-Announced, May 11, 2017

 

Federal Reserve Board: Balance Sheet (H.4.1 Release)

The Board publishes data of factors affecting reserve balances. The digest is called the H.4.1 Release, and they are published every Thursday (or the next business day if the publication date falls on a federal holiday). The release for May 18, 2017, is below.

[Note: The blog will cover the line titled “Total Factors Supplying Reserve Funds.”]

H.4.1 Release–Factors Affecting Reserve Balances

Total factors supplying reserve funds (as of May 17, 2017):  $4,513,622 (in millions of dollars). (On September 26, 2007, this amount was $900,473 (in millions of dollars)).

(See the release for further information.)

Federal Reserve Board: H.2 Release for Week Ending May 6, 2017; H.4.1 Release (Balance Sheet) for Week Ending May 11, 2017

The Federal Reserve Board (Board) publishes a weekly digest of its activities on its website. The digest is called the H.2 Release and is published every Thursday. The release for the week ending May 6, 2017, is below.

H.2 Release–Actions of the Board, Its Staff, and the Federal Reserve Banks; Applications and Reports Received

Category Action Taken
Forms Forms — final Board review to extend without revision the Generic Clearance for Surveys of Consumer and Community Affairs Publications and Resources (FR 1378), Generic Clearance for Consumer and Stakeholder Surveys (FR 3073), Report of Net Debit Cap (FR 2226), Ad Hoc Payments Survey (FR 3054a), Currency Quality Sampling Survey (FR 3054b), Currency Quality Survey (FR 3054c), and Currency Functionality and Perception Survey (FR 3054d).

-Approved, May 5, 2017

Regulations and Policies Automated Clearinghouse (ACH) and Foreign Remittance Transfers — report to Congress regarding the use of the ACH and other payment mechanisms for remittance transfers to foreign countries, in accordance with the Dodd-Frank Act.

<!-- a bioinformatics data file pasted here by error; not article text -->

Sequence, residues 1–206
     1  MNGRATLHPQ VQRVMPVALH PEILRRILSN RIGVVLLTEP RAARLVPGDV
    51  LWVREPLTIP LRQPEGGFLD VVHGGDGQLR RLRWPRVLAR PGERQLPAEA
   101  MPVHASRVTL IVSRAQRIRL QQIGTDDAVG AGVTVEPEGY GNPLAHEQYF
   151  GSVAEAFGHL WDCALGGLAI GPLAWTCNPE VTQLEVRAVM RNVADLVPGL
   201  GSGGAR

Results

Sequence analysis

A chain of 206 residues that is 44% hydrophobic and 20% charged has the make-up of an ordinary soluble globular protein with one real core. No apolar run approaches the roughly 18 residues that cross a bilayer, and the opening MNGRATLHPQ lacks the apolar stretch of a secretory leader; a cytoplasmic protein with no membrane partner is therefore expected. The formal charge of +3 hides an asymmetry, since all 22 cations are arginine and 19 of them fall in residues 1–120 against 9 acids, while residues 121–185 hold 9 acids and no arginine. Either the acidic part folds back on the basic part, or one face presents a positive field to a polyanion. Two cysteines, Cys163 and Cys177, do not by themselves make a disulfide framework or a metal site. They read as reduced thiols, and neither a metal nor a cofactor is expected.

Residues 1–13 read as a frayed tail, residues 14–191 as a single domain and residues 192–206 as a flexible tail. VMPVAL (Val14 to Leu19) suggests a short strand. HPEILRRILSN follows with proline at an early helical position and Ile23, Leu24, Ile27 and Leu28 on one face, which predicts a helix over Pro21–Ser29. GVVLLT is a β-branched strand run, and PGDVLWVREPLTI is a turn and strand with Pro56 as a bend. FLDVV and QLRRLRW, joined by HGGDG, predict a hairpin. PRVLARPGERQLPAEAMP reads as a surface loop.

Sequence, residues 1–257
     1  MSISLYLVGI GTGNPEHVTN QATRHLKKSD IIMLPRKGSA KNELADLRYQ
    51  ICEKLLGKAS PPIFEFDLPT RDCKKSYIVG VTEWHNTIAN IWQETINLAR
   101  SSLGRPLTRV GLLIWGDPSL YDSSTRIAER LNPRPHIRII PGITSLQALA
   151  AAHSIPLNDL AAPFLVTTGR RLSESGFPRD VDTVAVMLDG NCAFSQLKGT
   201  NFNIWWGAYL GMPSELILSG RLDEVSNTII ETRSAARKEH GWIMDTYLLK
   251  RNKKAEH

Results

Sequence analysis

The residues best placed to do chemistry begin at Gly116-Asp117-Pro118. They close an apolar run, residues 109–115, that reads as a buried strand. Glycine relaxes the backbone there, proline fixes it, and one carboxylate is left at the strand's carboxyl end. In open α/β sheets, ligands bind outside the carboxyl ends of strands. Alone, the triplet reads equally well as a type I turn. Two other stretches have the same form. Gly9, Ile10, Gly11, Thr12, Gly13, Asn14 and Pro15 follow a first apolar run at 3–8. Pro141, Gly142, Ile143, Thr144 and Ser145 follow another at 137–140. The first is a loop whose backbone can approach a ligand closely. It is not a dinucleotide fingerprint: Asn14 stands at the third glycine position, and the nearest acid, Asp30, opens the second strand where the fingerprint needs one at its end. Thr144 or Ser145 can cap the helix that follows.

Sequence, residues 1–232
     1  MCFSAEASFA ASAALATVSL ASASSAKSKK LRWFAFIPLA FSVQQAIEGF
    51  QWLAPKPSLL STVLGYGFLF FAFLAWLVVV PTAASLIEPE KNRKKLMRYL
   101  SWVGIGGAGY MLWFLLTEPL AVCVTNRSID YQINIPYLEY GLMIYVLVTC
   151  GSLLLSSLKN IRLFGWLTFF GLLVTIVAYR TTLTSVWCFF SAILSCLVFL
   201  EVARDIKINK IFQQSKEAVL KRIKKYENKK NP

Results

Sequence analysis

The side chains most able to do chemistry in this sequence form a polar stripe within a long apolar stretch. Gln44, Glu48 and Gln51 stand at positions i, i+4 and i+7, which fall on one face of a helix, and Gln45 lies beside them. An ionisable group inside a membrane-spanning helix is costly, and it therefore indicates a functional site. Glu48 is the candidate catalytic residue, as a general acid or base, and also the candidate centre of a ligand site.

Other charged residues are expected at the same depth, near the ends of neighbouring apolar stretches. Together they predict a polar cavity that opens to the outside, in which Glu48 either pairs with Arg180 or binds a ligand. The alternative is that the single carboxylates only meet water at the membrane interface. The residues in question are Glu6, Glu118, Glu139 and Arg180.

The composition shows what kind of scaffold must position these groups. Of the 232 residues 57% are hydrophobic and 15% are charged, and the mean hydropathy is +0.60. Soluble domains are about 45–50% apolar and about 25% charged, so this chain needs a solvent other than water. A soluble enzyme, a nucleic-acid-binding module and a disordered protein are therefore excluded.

-Approved, April 13, 2017

(A/C)

Enforcement Credit Agricole S.A., Paris, France — remedial plan submitted by Credit Agricole, S.A. and its subsidiaries, including Credit Agricole Corporate and Investment Bank, Paris, as required under the Board’s 2015 enforcement action.

-Approved, April 24, 2017

Federal Reserve Board: Balance Sheet (H.4.1 Release)

The Board publishes data of factors affecting reserve balances. The digest is called the H.4.1 Release, and they are published every Thursday (or the next business day if the publication date falls on a federal holiday). The release for May 11, 2017, is below.

[Note: The blog will cover the line titled “Total Factors Supplying Reserve Funds.”]

H.4.1 Release–Factors Affecting Reserve Balances

Total factors supplying reserve funds (as of May 10, 2017):  $4,520,001 (in millions of dollars). (On September 26, 2007, this amount was $900,473 (in millions of dollars)).

 

(See the release for further information.)

Federal Reserve Board: H.2 Release for Week Ending April 29, 2017; H.4.1 Release (Balance Sheet) for Week Ending May 4, 2017

The Federal Reserve Board (Board) publishes a weekly digest of its activities on its website. The digest is called the H.2 Release and is published every Thursday. The release for the week ending April 29, 2017, is below.

H.2 Release–Actions of the Board, Its Staff, and the Federal Reserve Banks; Applications and Reports Received

Category Action Taken
Bank Holding Companies Community Bank System, Inc., DeWitt, New York — to acquire Merchants Bancshares, Inc., South Burlington, Vermont, and thereby indirectly acquire Merchants Bank.

-Approved, April 25, 2017

 

Simmons First National Corporation, Pine Bluff, Arkansas — to merge with Hardeman County Investment Company, Inc., Jackson, Tennessee, and thereby indirectly acquire First South Bank.

-Approved, April 26, 2017